New Report: International public finance for fossil fuels dropped in 2021, but a rebound is likely unless key governments deliver on pledges

November 1, 2022By OCI TeamFeatured, Press Releases No Comments

A report released today by Oil Change International and Friends of the Earth U.S. reveals that between 2019 and 2021 the G20 countries and multilateral development banks (MDBs) provided at least USD 55 billion per year in international public finance for fossil fuels. This is a 35% drop compared to previous years (2016-2018), but still almost twice the support provided for clean energy, which averaged only $29 billion per year.

At a Crossroads: Assessing G20 and MDB international energy finance ahead of stop funding fossils pledge deadline

November 1, 2022By OCI TeamBriefings, Featured 3 Comments

This report looks at G20 country and MDB traceable international public finance for fossil fuels from 2019-2021 and finds they are still backing at least USD 55 billion per year in oil, gas, and coal projects. This is a 35% drop compared to previous years (2016-2018), but still, almost twice the support provided for clean energy, which averaged only $29 billion per year.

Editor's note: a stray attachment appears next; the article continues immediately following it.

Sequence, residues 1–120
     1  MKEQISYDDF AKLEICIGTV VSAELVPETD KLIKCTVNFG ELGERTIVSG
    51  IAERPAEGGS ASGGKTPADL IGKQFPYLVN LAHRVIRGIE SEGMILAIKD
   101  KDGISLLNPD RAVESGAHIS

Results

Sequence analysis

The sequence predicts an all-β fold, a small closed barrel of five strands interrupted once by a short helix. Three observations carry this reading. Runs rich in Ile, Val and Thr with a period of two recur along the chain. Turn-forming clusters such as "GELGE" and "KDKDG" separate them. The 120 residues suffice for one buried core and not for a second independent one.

CSOs welcome historic 20+ country-strong commitment to end international oil, gas, and coal finance by end of 2022, say others need to follow

November 4, 2021By LaurieBlog Post, News, Press Releases, Stop Funding Fossils

Today at COP26, more than 20 countries and institutions launched a joint statement committing to end direct international public finance for coal, oil and gas by the end of 2022 and prioritize clean energy finance. This initiative could directly shift more than USD 18 billion a year of support out of fossil fuels and into clean energy.

Canada’s Big Oil Reality Check: Major oil and gas producers undercut Canada’s commitment to 1.5ºC

November 3, 2021By OCI TeamEnergy Transitions & Futures, Featured, Reports

The assessment by Environmental Defence Canada and Oil Change International assesses eight of Canada’s top oil and gas producers, including Imperial (ExxonMobil) and Shell. It finds they are all on track to increase their oil and gas production in Canada, rather than planning a fair transition away from fossil fuels that are fuelling the climate crisis.